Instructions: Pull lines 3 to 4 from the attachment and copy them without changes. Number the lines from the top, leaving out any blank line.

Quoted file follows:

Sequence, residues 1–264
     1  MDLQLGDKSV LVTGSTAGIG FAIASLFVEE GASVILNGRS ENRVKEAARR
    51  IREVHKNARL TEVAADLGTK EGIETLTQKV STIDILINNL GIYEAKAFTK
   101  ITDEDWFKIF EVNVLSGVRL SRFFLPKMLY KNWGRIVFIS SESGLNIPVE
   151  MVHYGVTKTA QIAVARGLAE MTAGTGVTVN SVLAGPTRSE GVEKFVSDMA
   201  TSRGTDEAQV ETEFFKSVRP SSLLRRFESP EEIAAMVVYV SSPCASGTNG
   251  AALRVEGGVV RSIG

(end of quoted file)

    51  IREVHKNARL TEVAADLGTK EGIETLTQKV STIDILINNL GIYEAKAFTK
   101  ITDEDWFKIF EVNVLSGVRL SRFFLPKMLY KNWGRIVFIS SESGLNIPVE